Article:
Russia's opposition-dominated lower house of parliament struck a defiant pose Wednesday in its stand-off with President Boris Yeltsin over who should be the country's next prime minister.
A Kremlin adviser issued an indirect warning to the State Duma, giving possible dates for a new parliamentary election if the president disbands the chamber for failing to back his candidate, Sergei Kiriyenko.Duma deputies earlier voted almost unanimously to ask the Constitutional Court to rule whether the president has the right to put forward the same prime ministerial candidate three times.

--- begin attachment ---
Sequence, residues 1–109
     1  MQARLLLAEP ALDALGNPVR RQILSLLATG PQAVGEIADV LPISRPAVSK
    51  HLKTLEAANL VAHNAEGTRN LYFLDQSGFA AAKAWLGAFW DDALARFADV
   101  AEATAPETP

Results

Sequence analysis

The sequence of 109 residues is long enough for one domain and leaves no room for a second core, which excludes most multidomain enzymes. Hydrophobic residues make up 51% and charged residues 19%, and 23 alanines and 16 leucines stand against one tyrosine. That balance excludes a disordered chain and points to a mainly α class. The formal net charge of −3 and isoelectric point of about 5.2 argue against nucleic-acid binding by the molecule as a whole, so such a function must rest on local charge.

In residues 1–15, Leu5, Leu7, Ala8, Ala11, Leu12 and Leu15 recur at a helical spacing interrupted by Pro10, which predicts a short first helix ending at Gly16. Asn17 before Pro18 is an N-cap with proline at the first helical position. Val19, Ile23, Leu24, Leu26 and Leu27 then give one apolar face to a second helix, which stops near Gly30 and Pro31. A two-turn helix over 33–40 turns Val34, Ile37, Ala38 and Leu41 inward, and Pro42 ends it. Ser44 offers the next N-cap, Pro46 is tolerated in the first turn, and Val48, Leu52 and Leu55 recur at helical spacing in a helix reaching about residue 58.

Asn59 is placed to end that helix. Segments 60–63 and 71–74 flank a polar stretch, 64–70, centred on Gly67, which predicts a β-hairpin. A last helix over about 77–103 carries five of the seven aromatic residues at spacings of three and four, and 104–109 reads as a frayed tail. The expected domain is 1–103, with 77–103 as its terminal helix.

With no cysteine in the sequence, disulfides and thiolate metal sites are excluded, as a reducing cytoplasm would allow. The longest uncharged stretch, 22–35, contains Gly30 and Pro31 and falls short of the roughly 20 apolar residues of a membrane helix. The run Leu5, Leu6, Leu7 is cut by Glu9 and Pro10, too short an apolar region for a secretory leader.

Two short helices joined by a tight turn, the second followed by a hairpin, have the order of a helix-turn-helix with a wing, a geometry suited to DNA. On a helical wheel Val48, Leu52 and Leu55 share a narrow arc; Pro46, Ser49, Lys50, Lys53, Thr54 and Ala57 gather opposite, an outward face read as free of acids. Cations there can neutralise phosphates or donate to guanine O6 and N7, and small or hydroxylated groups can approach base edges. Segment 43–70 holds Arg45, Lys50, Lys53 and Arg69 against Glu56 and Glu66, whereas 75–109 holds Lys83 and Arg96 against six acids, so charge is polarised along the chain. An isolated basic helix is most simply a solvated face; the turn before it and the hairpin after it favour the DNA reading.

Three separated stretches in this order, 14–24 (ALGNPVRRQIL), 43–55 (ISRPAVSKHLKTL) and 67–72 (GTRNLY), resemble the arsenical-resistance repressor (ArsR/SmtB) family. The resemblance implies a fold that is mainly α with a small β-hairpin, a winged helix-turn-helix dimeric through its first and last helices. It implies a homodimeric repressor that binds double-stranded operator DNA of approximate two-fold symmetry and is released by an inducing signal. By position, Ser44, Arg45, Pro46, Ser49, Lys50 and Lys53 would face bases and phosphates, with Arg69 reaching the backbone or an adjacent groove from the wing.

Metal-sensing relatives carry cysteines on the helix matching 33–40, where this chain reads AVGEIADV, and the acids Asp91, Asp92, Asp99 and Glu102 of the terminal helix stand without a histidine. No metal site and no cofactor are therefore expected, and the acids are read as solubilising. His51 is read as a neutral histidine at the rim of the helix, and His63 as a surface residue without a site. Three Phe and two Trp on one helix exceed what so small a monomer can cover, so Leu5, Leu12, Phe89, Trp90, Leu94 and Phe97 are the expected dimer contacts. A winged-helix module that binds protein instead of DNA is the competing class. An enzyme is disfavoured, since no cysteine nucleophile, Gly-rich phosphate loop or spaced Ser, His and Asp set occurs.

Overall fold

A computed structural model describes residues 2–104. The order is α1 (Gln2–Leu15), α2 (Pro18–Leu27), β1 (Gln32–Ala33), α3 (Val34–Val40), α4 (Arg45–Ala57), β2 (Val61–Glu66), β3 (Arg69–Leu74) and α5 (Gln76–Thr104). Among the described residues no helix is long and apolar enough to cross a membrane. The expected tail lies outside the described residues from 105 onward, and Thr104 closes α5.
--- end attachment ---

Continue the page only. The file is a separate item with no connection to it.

They also agreed to consider an open rather than secret vote on Kiriyenko during Friday's second ballot, a procedure which would make it harder for opposition deputies to break with an anti-Kiriyenko party line.
Yeltsin's press secretary, Sergei Yastrzhembsky, dismissed the deputies' moves, accusing them of "playing with the constitution."
He told a news briefing that Yeltsin was determined to go ahead with a planned weekend visit to Japan, whatever the outcome of Friday's vote.
"It is 150 percent certain (he will go)," he told reporters. Yeltsin last week postponed his talks with Japanese Prime Minister Ryutaro Hashimoto by one week.